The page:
South Florida Hospital News
Tuesday July 7, 2020

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January 2020 - Volume 16 - Issue 7


Dr. Yamile Marrero Brings Vast Experience to Her Work

Dr. Yamile Marrero has wide and diverse experience, and she utilizes all of it in her position as clinical assistant professor at the Nicole Wertheim College of Nursing & Health Sciences, Health Services Administration, at Florida International University. That experience encompasses public health, a legal background, and serving as a firefighter paramedic.

Dr. Marrero began her work in public health back in 2000, and with her juris doctorate, professors in the public health profession often asked her to lecture about the health care laws in the United States. She advised those asking her to lecture on the U.S. health care laws that "I'd love to do that but we don't have a unified system of health care laws. We're reactionary by nature, so we have to see the pieces here and the pieces there and put them together, and then address the issues that are relevant."
She said that is why part of her teaching is an effort to update students on what constantly changing legal requirements health care administrators are facing, e.g., the kinds of insurance for provider reimbursement, insurance exchange markets, and other issues. "I also expose them to the federal, state, and local laws that concern health care, which include the ACA, ADEA, HIPAA – there are so many."
During her career, Dr. Marrero also wrote legislation for state and local governments, so she is quite familiar with the policy component. "I've been an active lawyer in Florida for 35 years representing local government for most of that time. I advise on the HIPAA, ADA, and health care compliance for all of the cities I represented, having obtained my Masters in public health and completed the coursework for a Ph.D. in public health."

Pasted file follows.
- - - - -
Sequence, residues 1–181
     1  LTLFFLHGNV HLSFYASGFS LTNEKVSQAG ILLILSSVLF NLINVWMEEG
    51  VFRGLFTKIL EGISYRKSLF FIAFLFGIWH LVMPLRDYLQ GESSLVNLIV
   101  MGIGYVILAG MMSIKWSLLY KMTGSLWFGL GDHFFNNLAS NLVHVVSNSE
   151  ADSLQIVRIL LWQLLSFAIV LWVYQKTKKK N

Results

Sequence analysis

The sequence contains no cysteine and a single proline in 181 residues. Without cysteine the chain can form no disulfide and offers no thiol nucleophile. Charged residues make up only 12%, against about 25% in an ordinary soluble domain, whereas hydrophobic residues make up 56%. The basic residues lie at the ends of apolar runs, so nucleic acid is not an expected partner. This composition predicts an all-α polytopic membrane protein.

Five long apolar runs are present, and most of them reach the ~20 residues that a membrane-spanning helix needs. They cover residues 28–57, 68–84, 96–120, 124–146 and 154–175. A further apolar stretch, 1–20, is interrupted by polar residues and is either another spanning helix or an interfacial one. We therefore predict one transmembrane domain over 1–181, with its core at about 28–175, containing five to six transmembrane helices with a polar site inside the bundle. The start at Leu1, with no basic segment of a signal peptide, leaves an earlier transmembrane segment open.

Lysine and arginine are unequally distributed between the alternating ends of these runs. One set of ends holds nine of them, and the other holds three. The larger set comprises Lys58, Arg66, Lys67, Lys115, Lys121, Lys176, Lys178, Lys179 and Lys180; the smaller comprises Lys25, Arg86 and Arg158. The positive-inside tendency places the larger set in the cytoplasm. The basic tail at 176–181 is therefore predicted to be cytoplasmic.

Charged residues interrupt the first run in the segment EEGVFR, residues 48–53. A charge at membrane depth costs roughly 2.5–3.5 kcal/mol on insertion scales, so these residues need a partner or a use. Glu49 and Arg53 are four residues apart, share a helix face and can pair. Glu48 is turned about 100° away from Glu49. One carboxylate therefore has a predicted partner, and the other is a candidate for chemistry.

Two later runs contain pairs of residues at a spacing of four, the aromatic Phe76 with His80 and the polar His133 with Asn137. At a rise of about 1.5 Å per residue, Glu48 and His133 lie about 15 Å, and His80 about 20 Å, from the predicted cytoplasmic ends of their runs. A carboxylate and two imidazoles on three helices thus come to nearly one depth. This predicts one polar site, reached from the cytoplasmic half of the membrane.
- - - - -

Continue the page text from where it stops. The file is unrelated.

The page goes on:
Along with her other experience, Dr. Marrero serves as a firefighter paramedic. That came about when she was between positions and working as a research graduate assistant doing doctoral work. "The county had invitations to apply for the firefighter positions, and since I had negotiated on behalf of city administration for years, I realized it could complement everything else I do. So it was an easy decision, and I love helping people."
She also pointed out, "I actually see my former students working in emergency rooms, which is wonderful. Every patient has to be checked in through administration and many of our young (graduates) are the ones who get those positions." 
Dr. Marrero emphasized the importance of health care administrators recognizing how the laws intertwine with their positions as administrators. She said almost everything in health care is regulated by or subject to some laws at the federal, state, or local level, and there is an ongoing need for students to keep learning as things change. Dr. Marrero gives the example of an adult nursing facility in Hollywood that was closed down during the last hurricane because it didn't have appropriate administration as far as plans, including evacuation plans.
"These are the kinds of examples I give them to help understand that, even from an administrative standpoint, this is life and death.  Sometimes I think students believe administrators are not involved with patient care, but they are."
Dr. Marrero teaches a health care policy course as part of the global course curriculum, and considers it to be very important. "I have them focus on universal health care systems in other developed countries, but I also make them aware of the health care systems and provisions in developing countries."
But what Dr. Marrero considers to be most important is having students learn that they can make a difference, that one voice is all it takes to get something started. One of her projects in health policy is for students to write a letter either in support of or opposition to any proposed legislation. If they receive a reply, some acknowledge to her that they didn't know they could bring about change. "That means the world to me when they recognize that we can all make a difference for the betterment of health care of patients or our family."
In summary, Dr. Marrero described her work by saying, "I bring to this faculty the perspective of the lawyer because that's obviously been ingrained in me my entire adult life. But I enjoy the fact that I can look at it not only from the legal end or the public health end, but also from the provider end as a firefighter paramedic."

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